Among the travel companions of his digital and camouflage campaign, Marco Ceroni involves Stefano Serretta and Giorgio Bartocci, authors of a four-handed wall painting in the gallery, whose concept recalls the communicative dynamics of brands and the custom of homologating the setting of a store to the characteristics of the new collection, as if the space itself worked as a generator of subliminal messages. Serretta’s exploded lettering therefore merges with Bartocci’s organic and receptive painting in a refined convergence of gaze that never strays from the relationship with the sculptures. The raw and spontaneous talent of Toni Brugnoli, photographer of the Milanese scene, is entrusted with the media launch of the works, while the graphic designer Gabriele Colia takes care of development of the visual identity and the design of the packaging, which is suitable for transporting a fragile object by courier, complete with a label with technical specifications, barcode and certification from the Carlo Zauli Museum. Also participating in the creative flow of this labyrinthine game of appropriation are Veronica Santi, author of the promotional video trailer shot inside the museum, and Stefano Maniero with his still life images that wink at the commercial world. To end the tale of this exhibition, an example of experimentation based on a farsighted triangulation between an artist, a museum-laboratory and a gallery to support the creative process, we recommend #slagcontest, a competition on Instagram that will assign a lucky winner a SLAG-collar designed by Marco Ceroni.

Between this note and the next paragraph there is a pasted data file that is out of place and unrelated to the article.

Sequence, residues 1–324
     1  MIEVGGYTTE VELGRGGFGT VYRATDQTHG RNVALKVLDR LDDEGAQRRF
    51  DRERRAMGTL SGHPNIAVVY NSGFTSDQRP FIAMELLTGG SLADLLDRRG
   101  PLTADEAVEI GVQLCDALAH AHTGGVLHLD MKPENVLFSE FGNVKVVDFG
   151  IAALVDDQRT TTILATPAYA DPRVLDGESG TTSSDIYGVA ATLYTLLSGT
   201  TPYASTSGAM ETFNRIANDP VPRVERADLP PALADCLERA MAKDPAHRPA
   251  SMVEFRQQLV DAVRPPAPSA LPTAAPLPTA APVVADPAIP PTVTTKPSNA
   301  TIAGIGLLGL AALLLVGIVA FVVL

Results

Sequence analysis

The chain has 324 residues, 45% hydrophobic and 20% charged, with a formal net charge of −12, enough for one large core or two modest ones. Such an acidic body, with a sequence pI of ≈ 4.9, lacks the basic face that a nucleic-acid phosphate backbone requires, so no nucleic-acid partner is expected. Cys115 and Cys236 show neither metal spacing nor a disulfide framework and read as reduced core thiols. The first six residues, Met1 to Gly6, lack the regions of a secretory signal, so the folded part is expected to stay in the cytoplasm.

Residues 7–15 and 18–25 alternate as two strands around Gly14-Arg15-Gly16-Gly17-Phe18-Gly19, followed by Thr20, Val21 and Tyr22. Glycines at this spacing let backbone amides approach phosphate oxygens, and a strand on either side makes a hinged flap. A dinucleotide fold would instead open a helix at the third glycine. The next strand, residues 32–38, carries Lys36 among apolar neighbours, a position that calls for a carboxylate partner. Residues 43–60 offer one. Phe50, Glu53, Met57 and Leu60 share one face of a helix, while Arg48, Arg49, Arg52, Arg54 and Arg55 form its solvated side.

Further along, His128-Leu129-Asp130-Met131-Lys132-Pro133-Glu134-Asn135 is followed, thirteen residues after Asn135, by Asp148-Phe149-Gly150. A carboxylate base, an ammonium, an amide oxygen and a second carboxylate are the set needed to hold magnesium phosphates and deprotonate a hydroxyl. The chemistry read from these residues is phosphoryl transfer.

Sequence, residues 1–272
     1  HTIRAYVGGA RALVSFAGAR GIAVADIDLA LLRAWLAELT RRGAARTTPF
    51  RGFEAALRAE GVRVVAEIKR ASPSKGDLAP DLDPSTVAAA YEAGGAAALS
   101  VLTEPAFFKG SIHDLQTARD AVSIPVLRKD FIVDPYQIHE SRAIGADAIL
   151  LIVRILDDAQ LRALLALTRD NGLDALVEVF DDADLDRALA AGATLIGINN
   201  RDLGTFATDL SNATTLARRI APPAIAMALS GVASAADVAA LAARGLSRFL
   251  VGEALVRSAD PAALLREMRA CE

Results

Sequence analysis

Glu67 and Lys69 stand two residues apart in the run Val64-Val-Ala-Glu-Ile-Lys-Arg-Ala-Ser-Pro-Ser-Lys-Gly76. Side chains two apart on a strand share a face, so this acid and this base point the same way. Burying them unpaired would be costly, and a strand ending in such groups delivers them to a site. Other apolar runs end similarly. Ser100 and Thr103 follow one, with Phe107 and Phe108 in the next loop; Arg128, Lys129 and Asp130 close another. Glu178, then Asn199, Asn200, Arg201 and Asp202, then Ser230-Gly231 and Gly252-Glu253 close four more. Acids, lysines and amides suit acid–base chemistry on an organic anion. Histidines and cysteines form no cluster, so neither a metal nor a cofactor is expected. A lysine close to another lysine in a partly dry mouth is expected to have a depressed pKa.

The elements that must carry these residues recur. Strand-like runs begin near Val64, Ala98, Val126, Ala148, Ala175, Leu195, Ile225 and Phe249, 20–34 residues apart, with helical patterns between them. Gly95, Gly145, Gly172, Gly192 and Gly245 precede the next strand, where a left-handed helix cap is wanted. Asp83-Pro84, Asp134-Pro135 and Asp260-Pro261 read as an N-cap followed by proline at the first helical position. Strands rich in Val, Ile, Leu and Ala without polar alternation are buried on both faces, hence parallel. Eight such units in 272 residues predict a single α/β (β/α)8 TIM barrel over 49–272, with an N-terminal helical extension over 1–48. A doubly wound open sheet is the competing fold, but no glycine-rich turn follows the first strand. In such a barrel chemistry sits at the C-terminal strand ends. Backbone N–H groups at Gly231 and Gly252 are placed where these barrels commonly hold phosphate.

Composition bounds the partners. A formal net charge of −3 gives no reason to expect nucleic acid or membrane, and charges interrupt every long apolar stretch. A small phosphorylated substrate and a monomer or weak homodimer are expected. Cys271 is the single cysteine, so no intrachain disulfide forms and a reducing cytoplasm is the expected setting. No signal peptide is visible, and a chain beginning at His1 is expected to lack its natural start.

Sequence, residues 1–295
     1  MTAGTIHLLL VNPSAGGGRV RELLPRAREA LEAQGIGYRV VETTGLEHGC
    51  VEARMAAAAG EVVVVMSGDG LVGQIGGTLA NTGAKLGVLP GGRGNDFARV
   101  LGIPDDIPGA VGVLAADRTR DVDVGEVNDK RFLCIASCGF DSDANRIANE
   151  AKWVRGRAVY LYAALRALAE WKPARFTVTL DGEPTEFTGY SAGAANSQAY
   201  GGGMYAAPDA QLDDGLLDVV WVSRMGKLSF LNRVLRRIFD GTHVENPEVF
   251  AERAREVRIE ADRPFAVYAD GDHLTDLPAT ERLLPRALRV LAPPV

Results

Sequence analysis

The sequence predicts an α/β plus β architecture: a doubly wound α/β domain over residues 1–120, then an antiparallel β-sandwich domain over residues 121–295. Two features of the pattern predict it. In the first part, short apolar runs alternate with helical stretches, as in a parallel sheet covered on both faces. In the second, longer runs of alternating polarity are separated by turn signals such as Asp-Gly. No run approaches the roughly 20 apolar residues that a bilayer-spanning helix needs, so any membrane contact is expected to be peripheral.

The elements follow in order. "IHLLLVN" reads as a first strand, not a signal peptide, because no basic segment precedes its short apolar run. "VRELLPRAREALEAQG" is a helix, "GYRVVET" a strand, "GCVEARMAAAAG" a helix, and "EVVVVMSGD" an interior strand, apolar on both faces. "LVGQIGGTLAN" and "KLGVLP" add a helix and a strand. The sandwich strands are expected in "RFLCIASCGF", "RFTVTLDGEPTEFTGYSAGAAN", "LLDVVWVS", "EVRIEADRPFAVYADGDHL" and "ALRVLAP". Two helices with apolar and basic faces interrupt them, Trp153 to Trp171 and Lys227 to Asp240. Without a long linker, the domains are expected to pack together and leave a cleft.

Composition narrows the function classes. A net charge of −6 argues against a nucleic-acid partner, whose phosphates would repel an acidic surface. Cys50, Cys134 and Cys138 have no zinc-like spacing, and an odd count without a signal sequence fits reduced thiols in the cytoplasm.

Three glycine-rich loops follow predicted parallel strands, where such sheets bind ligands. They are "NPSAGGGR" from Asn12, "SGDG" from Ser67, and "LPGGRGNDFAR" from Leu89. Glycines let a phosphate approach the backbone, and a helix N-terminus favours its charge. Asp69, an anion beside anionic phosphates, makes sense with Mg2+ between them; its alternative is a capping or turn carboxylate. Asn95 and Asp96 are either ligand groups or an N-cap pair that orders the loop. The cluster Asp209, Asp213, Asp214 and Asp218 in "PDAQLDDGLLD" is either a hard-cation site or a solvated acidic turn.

Marco Ceroni. “SLAG”
25.09 – 19.12.2020
Via del Porto 48 a/b, 40122 Bologna

Marco Ceroni, SLAG, installation view at Gallleriapiù. Ph. Stefano Maniero

Marco Ceroni, SLAG, installation view at Gallleriapiù. Ph. Stefano Maniero

Marco Ceroni, SLAG, installation view at Gallleriapiù. Ph. Stefano Maniero

Marco Ceroni, SLAG, installation view at Gallleriapiù. Ph. Stefano Maniero

Marco Ceroni, SLAG, installation view at Gallleriapiù. Ph. Stefano Maniero

Marco Ceroni. SlagMarco Ceroni, SLAG, 2020. Ph. Stefano Maniero. Courtesy Gallleriapiù and the artist